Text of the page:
At last a no-stick gum? Illinois corn farmers may have the formula
The guys were out to bust some gum.
John Vann and Tony Muniz uncased their weapons-–5-foot-long hoses with brass-bristled nozzles. Then they blasted the enemy, which consisted of gum spit out on a busy New York City corner.
The men used the bristles to scratch furiously at the hardened globules, their faces tight with concentration. “The blacker it is, the longer it's been there,” said Vann, of a sidewalk cleaning company called GumBusters.
He frowned at a black mound and gave it another jet of chemical steam. “That one’s been there two weeks,” he said, pointing to a raised rubbery pink spot. He scowled at a white mound. “This one, probably one or two months.”
For the time being, GumBusters is one of the only solutions for American city dwellers sick of scraping sticky mess from their shoes. But 700 miles away, researchers at the University of Illinois at Urbana-Champaign hope to use advances in agricultural technology to solve the problem for good. They say that zein, a protein byproduct of corn-produced ethanol, promises to be a biodegradable alternative to synthetic bases currently used by chewing gum manufacturers.
“If discarded in parks or lawns it may end up being eaten away by wildlife or digested by microorganisms,” said Professor Garciela Padua, of the university’s Department of Food Science and Human Nutrition, who assisted in the research.
To be sure, many pedestrians across the United States would welcome sidewalks free of masticated filth. Cities spend millions of tax dollars annually in cleanups. Half of Americans chew gum, averaging 170 servings per person per year, according to the Wm. Wrigley Jr. Company, which dominates the chewing gum industry in sales. Last year, Wrigley's, whose products include Juicy Fruit, Doublemint, and Orbit, reported net sales of $5.4 billion. The global market is worth $20 billion and growing, which means more gum on the streets.
But Americans, who consume 40 percent of the world's gum, remain largely unconcerned over spitting it out.
For that reason, Professor Soo-Yeun Lee at the University of Illinois began the research project in 2004. She announced the next year that her team had successfully used zein to make a biodegradable gum that wouldn't stick.
“You’re not going to worry about your kids getting it in their hair or getting it on the carpet,” said Phil Shane, a former member of the Illinois Corn Marketing Board, which is funding the research. “If it got on your shoe, it would peel right off.”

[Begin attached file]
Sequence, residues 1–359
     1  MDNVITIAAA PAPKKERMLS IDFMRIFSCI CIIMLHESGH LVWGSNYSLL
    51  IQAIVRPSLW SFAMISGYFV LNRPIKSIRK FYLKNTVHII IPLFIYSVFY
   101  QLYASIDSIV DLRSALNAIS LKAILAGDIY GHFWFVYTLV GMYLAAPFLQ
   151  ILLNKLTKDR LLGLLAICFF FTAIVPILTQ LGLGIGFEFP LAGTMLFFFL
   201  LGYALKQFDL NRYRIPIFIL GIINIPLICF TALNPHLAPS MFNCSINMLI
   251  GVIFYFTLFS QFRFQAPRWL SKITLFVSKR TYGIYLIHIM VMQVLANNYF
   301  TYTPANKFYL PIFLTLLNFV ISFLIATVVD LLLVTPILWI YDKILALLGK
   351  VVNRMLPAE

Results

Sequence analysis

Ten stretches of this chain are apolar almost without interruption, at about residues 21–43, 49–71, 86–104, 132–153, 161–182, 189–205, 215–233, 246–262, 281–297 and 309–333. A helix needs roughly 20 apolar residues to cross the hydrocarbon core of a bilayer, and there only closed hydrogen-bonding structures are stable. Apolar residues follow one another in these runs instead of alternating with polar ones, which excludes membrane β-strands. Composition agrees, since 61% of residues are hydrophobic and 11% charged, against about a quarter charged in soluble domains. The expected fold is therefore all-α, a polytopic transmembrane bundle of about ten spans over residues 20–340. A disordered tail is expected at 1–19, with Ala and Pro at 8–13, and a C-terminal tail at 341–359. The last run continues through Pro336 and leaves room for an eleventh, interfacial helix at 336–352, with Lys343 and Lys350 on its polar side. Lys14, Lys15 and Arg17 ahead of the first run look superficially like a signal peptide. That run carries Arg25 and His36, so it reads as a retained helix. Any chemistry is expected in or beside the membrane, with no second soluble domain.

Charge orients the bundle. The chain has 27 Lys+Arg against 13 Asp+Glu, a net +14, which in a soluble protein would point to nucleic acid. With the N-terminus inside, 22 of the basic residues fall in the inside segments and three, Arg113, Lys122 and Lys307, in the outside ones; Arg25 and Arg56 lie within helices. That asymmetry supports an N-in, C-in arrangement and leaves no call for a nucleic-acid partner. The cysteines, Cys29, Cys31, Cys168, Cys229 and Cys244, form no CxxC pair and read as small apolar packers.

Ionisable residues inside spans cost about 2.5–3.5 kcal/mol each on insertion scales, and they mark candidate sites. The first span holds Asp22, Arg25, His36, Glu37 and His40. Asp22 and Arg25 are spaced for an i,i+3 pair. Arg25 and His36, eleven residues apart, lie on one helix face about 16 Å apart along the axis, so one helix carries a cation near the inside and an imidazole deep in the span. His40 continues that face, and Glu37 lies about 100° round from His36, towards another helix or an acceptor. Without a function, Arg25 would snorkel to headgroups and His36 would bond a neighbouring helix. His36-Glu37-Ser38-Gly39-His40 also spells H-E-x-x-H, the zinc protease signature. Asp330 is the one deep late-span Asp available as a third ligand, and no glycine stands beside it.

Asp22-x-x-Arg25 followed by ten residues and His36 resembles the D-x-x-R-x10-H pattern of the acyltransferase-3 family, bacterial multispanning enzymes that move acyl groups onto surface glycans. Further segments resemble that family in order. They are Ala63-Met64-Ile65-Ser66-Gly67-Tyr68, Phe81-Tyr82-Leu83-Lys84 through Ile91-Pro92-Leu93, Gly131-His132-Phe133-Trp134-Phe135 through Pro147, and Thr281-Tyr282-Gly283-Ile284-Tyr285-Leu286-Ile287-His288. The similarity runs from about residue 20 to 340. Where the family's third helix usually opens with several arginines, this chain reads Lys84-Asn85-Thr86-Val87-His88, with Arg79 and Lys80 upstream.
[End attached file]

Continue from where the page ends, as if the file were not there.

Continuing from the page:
Shane, who has chewed Lee’s prototype, said he tried to stick it to the bottom of a table. “It fell to the floor,” he said. “You just take a broom and sweep it.”
Panelists selected to chew the cinnamon-coated prototype participated once a day for five weeks to rate its taste, texture, aroma, and mouth feel. Except for the quick disappearance of flavor, they were pleased, Lee said.
After the study showed zein’s potential, Shane launched a company called Prairie Gold to make zein marketable to gum makers and other industries. Zein is already used as a coating for photo-quality printing paper, glass adhesives and inks.
Shane may face competition. Professor Terence Cosgrove at the University of Bristol in Britain formed a spin-off company two years ago to market a non-sticky-–but not biodegradable–- substance that he believed could be used as gum base as well.
Meanwhile, the world’s top gum producers are quietly conducting their own research into the non-sticky phenomenon.
Wrigley's is working to figure out a solution to the problem of gum disposal without sacrificing taste and texture, and the zein research at Illinois is one of the options the company is exploring. “We are working with our scientists, university researchers, the best and brightest,” said Chris Perille, director of communications at Wrigley’s.
Cadbury Schweppes, which owns 26 percent of the global chewing gum market and is Wrigley's closest competitor, is doing research of its own. “We believe it is the responsibility of the individual,” said Tony Bilsborough, communications director at Cadbury, based in London, “but we do want to create something that helps to prevent littering.”
When asked how long it will take before non-sticky gum shows up on shelves, Bilsborough said he did not know. Cosgrove refused to comment. Shane estimated five years. “There is no magic bullet that would transform it overnight,” said Perille.
He added that Wrigley’s had patents to reduce adhesion, but added, “It’s a big leap from patent to commercialization.”
Lee said there is still important work to be done – namely perfecting the flavor, which was the prototype's biggest disappointment. The current version’s taste fades after two minutes, something even sidewalk-conscious consumers would reject.
“If you cannot mimic the exact kind of profile that current gum is providing to the consumers, it’s going to be difficult to sell,” said Lee, “even if it has a lot of long-term value to the environment.”